13

Ron Carter Golden Striker Trio at Jazzfest Gronau 2014

Phillip Woolever By

Sign in to view read count
Ron Carter Golden Striker Trio
Evangelist Stadtkirche
Jazzfest Gronau
Gronau, Germany
April 27, 2014

Ron Carter resumed his casual, "guy with the microphone" demeanor as bandleader for this afternoon's "church meeting," but brought a confident intensity to this conspicuously jazz conscious German community on the Netherlands border. A large, enthusiastic crowd at Evangelist Stadtkirche was well aware that whatever role Carter takes in an ensemble, his majestic upright bass stands as one of the strongest bottom lines in jazz history.

Carter and the current incarnation of his Golden Striker Trio (guitarist Russell Malone with Donald Vega on piano) played an especially satisfying, 100 plus minutes set of standards and rotating solos that reaffirmed Jazzfest Gronau's reputation for top quality programming.

Carter and crew were the festival's opening concert, and displayed their own standard, a very high one. Set up on the ornate altar of a long, wood beamed hall, quiet strength resonated from both the structure and the musicians' tools.

The group was illuminated from behind by stained glass windows as three curved panels bathed them in light, nicely emphasizing the trio theme. Visual gold had been struck, auditory pleasures were to follow.

There was a subtle sound variance, depending on proximity, in the thick wooden pews which were jam-packed in front and sparse at the back. The church's multi- chambered acoustics gave the overall sound some interesting nuances, not all good. There were moments when the guitar had a tin-like echo, and the piano got smothered a few times. Minor sound issues persisted, but got worked out for most of the show.

Instruments sometimes sounded better separately than together, but Carter's tones remained clear throughout. He flew through middle registers while Malone, a long time collaborator from the initial 2003 Striker project, plucked strings with a harp like resonance, providing smooth rhythms to run along.

At one point, it looked like Miller had to take an unexpected break, whispering something to Carter before exiting stage right. Vega downshifted and Carter stretched into a brief solo without missing a beat. Very smooth indeed.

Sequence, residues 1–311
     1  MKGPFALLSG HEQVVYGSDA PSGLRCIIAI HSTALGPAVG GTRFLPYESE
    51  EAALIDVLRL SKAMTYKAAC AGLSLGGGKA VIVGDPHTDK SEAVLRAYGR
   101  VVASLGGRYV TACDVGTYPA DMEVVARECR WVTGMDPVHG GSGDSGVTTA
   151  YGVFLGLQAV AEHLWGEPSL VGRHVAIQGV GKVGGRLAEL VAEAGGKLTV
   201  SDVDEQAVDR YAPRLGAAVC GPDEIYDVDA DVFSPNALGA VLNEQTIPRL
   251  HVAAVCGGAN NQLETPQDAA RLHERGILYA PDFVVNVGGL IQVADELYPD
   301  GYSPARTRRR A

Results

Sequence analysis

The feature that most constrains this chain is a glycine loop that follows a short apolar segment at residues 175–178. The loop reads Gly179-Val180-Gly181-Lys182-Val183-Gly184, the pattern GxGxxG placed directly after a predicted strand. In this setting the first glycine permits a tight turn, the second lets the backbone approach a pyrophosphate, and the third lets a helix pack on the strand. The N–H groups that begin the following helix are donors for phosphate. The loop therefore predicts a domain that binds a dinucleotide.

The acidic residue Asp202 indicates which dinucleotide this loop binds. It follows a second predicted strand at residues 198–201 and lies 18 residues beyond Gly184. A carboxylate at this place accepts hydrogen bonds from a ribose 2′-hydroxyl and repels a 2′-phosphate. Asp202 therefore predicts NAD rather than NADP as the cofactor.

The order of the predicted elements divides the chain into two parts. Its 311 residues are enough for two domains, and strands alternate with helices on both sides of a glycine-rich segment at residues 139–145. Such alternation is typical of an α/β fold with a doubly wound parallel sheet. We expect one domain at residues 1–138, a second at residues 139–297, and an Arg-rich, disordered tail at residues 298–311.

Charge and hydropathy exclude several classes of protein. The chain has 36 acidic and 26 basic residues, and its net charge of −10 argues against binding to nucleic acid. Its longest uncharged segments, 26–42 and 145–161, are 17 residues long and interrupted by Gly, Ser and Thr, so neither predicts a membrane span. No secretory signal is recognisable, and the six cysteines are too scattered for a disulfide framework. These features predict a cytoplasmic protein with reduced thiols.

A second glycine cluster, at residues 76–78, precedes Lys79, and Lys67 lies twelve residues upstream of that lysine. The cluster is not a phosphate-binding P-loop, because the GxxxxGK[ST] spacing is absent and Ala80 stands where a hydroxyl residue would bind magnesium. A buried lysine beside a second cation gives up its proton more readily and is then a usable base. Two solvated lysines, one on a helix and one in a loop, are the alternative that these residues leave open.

Carter floated across the frets on "Eddie's Theme" in a carefree manner that belied the effort's complexity. Introductory song patterns got an increasingly louder audience reaction, as Carter explored a reliable catalogue of songs like "My Funny Valentine," "Parade" and "Autumn Leaves."

Sometimes "scheduled" improvisation or jamming is really just like last year's model. This tour might have been called "Revised," since the trio modified many previous takes.

The set reached a pinnacle during a revised version of "The Golden Striker" with an extended solo featuring almost ten minutes of vibrato variations, awesome in how Carter extracted bowing effects with his fingers. Carter stretched tonal themes, then returned to more basic beats and started a musical conversation that had five rows of people hanging on every staccato statement. He bent the strings, with joy, until they wrapped around the heads of everyone in the crowd.

Prior to the encores, numerous false endings drew loud ovations, as the crowd smiled more broadly every time the music resumed. Carter took a breath and wiggled his tie like a professor concluding a lighthearted lecture. Repeated bursts of extended applause were as much a tribute to Carter's entire career as to the concert itself.

Ray Henderson's "South Wind" blew the audience away, headed for home in a flurry of emotion, as hard bopping shifts in timing and tone ignited like signal fires at high tremolo tide.

Glancing at most people's facial expressions, by the end of the set they seemed to be studying each musician pretty deeply. Clichés aside, this was indeed a master class in old school composition and current swing, conducted at the highest level.

What does one get if you combine three like minds and thirty fingers in a perfectly unified balance? For those in Gronau the answer, of course; was the Golden Striker Trio. They might have been preaching to the choir today, but their playing was still a gospel truth.

Photo Credit: Hartmut Springer

Tags

comments powered by Disqus

Shop for Music

Start your music shopping from All About Jazz and you'll support us in the process. Learn how.

Upcoming Shows

Date Detail Price
Sep4Wed
Ron CARTER Trio
Catalina Bar & Grill
Hollywood, CA
$35 - 35
Sep5Thu
Ron CARTER Trio
Catalina Bar & Grill
Hollywood, CA
$40 - 40
Sep6Fri
Ron CARTER Trio
Catalina Bar & Grill
Hollywood, CA
$45 - 45
Sep7Sat
Ron CARTER Trio
Catalina Bar & Grill
Hollywood, CA
$50 - 50
Sep7Sat
Ron CARTER Trio
Catalina Bar & Grill
Hollywood, CA
$40 - 40

Related Articles

Read Steve Wilson at the Jazz Room Live Reviews
Steve Wilson at the Jazz Room
By Mark Sullivan
June 25, 2019
Read Marcin Wasilewski Trio at Triskel Christchurch Live Reviews
Marcin Wasilewski Trio at Triskel Christchurch
By Ian Patterson
June 24, 2019
Read The Nice Jazz Orchestra At The Opera House Live Reviews
The Nice Jazz Orchestra At The Opera House
By Martin McFie
June 23, 2019
Read Jochen Rückert Quartet at Hong Kong Arts Centre Live Reviews
Jochen Rückert Quartet at Hong Kong Arts Centre
By Rob Garratt
June 21, 2019
Read John Richmond at The Turning Point Cafe Live Reviews
John Richmond at The Turning Point Cafe
By David A. Orthmann
June 19, 2019
Read Ojai Music Festival 2019 Live Reviews
Ojai Music Festival 2019
By Josef Woodard
June 19, 2019
Read Frédéric Gomes at les Deux Moulins Live Reviews
Frédéric Gomes at les Deux Moulins
By Martin McFie
June 17, 2019